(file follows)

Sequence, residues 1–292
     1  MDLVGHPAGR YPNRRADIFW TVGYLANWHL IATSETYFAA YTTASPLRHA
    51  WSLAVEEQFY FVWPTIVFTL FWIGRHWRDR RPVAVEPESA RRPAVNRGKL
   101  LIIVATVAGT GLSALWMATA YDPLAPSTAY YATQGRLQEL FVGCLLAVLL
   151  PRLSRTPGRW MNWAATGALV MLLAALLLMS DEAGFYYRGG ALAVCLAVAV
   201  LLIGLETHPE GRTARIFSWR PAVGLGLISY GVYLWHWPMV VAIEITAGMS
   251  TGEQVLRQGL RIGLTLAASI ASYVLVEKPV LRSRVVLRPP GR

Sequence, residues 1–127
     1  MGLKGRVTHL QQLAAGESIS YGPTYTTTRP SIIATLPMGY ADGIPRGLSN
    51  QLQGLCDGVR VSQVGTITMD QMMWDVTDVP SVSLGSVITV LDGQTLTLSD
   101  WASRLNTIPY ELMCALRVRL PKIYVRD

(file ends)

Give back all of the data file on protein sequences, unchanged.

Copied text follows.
Sequence, residues 1–292
     1  MDLVGHPAGR YPNRRADIFW TVGYLANWHL IATSETYFAA YTTASPLRHA
    51  WSLAVEEQFY FVWPTIVFTL FWIGRHWRDR RPVAVEPESA RRPAVNRGKL
   101  LIIVATVAGT GLSALWMATA YDPLAPSTAY YATQGRLQEL FVGCLLAVLL
   151  PRLSRTPGRW MNWAATGALV MLLAALLLMS DEAGFYYRGG ALAVCLAVAV
   201  LLIGLETHPE GRTARIFSWR PAVGLGLISY GVYLWHWPMV VAIEITAGMS
   251  TGEQVLRQGL RIGLTLAASI ASYVLVEKPV LRSRVVLRPP GR

Sequence, residues 1–127
     1  MGLKGRVTHL QQLAAGESIS YGPTYTTTRP SIIATLPMGY ADGIPRGLSN
    51  QLQGLCDGVR VSQVGTITMD QMMWDVTDVP SVSLGSVITV LDGQTLTLSD
   101  WASRLNTIPY ELMCALRVRL PKIYVRD